"Antibiotic resistance is harder to control"

There are clear parallels between the spread of Covid-19 and antibiotic resistance, but the latter is more difficult to control. Interview with Patrice Nordmann.

Despite the parallels: While the Covid-19 pandemic can probably be largely halted in the foreseeable future – if a vaccine is available –, we will need to keep fighting antibiotic resistance continually for years to come. Patrice Nordmann, Head of the National Reference Center for Emerging Antibiotic Resistance (NARA), explains why.

The spread of Covid-19 is often compared to that of antibiotic resistance. What are the parallels?

The spread of both is driven by unapparent carriers, crowding, inadequate hygiene and rapid travel worldwide, and therefore a constant intermixing of the population. And they are both present in humans as well as animals, with transfer occurring between these reservoirs. In addition, the source of many important emerging resistance determinants also lies in Asia, home to half the world’s population and an increasing number of livestock. This facilitates the spread of those determinants between human and animal carriers.

Despite these parallels, the antibiotic resistance situation differs widely between countries, whereas for Covid-19 the situation has developed similarly in most countries.

Besides the parallels there are also differences. On the one hand, antibiotic resistance spreads at a slower pace. It often spreads silently at first in commensal gut bacteria. Afterwards, the antibiotic resistance genes are transferred to pathogens that cause infections, which can only be cured with difficulty or not at all with medication. In the case of Covid-19, we are dealing with a highly contagious pathogen with specific clinical signs. Therefore, a carrier of Covid-19 sitting in a plane is likely to pass the infection to other passengers. However, antibiotic-resistant bacteria travel around the world in the gut flora without anyone noticing anything and without immediately spreading to other people.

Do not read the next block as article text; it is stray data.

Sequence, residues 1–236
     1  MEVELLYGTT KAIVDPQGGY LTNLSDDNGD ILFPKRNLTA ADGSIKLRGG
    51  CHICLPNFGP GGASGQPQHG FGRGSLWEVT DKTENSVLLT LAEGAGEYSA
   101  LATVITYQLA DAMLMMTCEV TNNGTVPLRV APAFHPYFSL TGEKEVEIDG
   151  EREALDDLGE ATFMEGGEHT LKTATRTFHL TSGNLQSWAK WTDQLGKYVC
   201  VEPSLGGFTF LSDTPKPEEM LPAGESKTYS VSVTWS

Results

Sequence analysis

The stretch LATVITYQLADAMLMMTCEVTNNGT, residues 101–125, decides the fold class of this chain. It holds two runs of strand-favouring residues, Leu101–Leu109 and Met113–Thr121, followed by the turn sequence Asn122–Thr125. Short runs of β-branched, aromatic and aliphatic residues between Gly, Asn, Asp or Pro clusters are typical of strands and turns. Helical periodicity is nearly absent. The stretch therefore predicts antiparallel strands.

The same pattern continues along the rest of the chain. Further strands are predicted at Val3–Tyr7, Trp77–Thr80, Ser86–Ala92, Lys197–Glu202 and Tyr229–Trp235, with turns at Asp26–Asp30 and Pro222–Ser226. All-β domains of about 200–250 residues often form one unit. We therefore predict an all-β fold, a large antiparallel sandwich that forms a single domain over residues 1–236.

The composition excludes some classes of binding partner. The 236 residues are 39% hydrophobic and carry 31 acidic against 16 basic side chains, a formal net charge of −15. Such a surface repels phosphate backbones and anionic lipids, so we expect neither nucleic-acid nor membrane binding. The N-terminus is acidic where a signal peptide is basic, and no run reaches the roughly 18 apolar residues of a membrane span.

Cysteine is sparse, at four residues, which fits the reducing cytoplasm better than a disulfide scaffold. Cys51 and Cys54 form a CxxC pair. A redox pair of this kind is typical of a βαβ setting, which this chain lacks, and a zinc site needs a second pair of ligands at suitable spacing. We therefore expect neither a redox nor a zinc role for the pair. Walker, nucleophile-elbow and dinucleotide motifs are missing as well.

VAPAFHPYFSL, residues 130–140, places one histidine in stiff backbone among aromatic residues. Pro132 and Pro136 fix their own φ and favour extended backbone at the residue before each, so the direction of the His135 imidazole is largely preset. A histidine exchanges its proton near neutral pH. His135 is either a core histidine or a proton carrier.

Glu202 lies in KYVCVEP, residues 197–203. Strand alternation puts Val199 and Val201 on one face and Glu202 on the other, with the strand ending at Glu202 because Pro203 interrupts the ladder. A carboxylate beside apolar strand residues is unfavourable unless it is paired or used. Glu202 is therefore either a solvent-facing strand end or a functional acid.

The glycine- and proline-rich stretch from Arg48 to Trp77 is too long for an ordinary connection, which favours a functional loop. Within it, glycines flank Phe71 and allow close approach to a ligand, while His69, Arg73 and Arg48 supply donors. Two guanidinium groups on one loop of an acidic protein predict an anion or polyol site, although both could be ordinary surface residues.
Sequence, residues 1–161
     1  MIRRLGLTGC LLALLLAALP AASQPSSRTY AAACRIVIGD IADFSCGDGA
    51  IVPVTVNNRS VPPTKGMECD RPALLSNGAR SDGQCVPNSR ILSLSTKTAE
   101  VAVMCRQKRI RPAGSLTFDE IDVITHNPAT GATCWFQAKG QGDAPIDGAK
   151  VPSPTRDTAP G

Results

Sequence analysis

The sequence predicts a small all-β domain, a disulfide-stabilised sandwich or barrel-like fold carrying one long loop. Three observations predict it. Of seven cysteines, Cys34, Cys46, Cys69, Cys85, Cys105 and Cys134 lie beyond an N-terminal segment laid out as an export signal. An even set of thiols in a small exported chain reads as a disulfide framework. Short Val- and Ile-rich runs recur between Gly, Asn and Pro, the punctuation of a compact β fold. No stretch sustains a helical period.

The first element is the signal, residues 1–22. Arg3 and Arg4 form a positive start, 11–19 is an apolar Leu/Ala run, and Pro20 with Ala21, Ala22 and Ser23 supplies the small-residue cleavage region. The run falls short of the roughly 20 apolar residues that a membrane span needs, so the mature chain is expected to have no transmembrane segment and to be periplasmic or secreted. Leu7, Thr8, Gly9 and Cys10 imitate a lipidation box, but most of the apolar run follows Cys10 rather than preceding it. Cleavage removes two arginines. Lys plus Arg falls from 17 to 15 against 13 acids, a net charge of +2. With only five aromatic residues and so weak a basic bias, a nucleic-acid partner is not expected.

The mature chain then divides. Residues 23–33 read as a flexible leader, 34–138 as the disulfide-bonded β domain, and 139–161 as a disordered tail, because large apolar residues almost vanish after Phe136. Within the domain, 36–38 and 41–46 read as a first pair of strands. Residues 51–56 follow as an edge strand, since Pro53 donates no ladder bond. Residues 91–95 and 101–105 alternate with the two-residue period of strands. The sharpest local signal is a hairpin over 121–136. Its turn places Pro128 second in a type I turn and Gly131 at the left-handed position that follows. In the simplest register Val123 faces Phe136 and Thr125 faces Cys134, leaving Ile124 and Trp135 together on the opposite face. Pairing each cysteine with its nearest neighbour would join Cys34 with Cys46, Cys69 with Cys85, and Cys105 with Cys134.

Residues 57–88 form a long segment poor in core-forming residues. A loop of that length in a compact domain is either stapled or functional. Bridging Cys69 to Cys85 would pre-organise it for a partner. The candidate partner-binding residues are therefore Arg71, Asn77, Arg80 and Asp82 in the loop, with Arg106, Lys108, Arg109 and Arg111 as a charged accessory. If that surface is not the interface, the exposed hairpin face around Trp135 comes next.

There are different types of resistance mechanisms that can be traced back to different bacterial genes. Do they all spread worldwide?

Not all, but some do. In 2003, for example, we identified a specific enzyme, one of the so-called beta-lactamases, which lead to multi-drug resistance against antibiotics in different pathogens. This enzyme was originally recovered from a bacterium isolate from Turkey, then identified in samples from different parts of the world and has become a main driver for resistances on a global scale. The same is true of other beta-lactamases, which first appeared in India and spread from there around the globe.

Does this mean that ultimately the same resistances occur everywhere?

In general, we see hotspots where certain resistance mechanisms dominate. For example, most antibiotic-resistant Enterobacterales in Switzerland are resistant due to genes that have spread first in Italy and Greece. But there are also other resistance genes around, with other origins. And new ones are constantly emerging, the situation is constantly changing.

But as you say, they spread comparatively slowly. So antibiotic resistance should be easier to contain than Covid-19?

Unfortunately, the opposite is true, for various reasons. One is that, with Covid-19, we are dealing with a sole virus. Even if we see minor mutations in the SARS-Cov-2 sequence, it’s still more or less the same virus, be it in Bern or Singapore. But in the case of antibiotic resistance, you’re faced with a wide range of unrelated resistance mechanisms which spread to different pathogens. Another important difference concerns testing. It’s difficult, by comparison, to detect antibiotic resistance because of its diversity and because only a small amount of the bacteria present in a sample is resistant. Testing for Covid-19, on the other hand, is relatively simple with PCR and antigen tests that can be performed using standard and marketed techniques.

In the current crisis there is great hope of finding a vaccine against Covid-19. Could a vaccine also be a game changer in the case of antibiotic resistance?

Once an effective and safe vaccine against Covid-19 becomes available, the solution to the pandemic will indeed be quite straightforward, similar to controlling a measles outbreak: isolating infected people and vaccinating everybody should bring the pandemic under control. Quite in contrast, the diversity of resistance determinants and the diversity of their bacterial hosts make vaccination virtually impossible. Resistance traits may be located in Enterobacterales as part of the normal human flora, making it difficult to develop vaccines against colonising bacteria.

So what other measures are needed to control the increase in antibiotic resistance?

First of all, the appropriate use of antibiotics is crucial to prevent new resistances from developing. And we need to develop rapid diagnostic techniques and identify novel bacterial targets for new antibiotics. But even this will not completely eliminate antibiotic resistance, that’s simply impossible. The best we can do is make sure we are a step ahead of the game.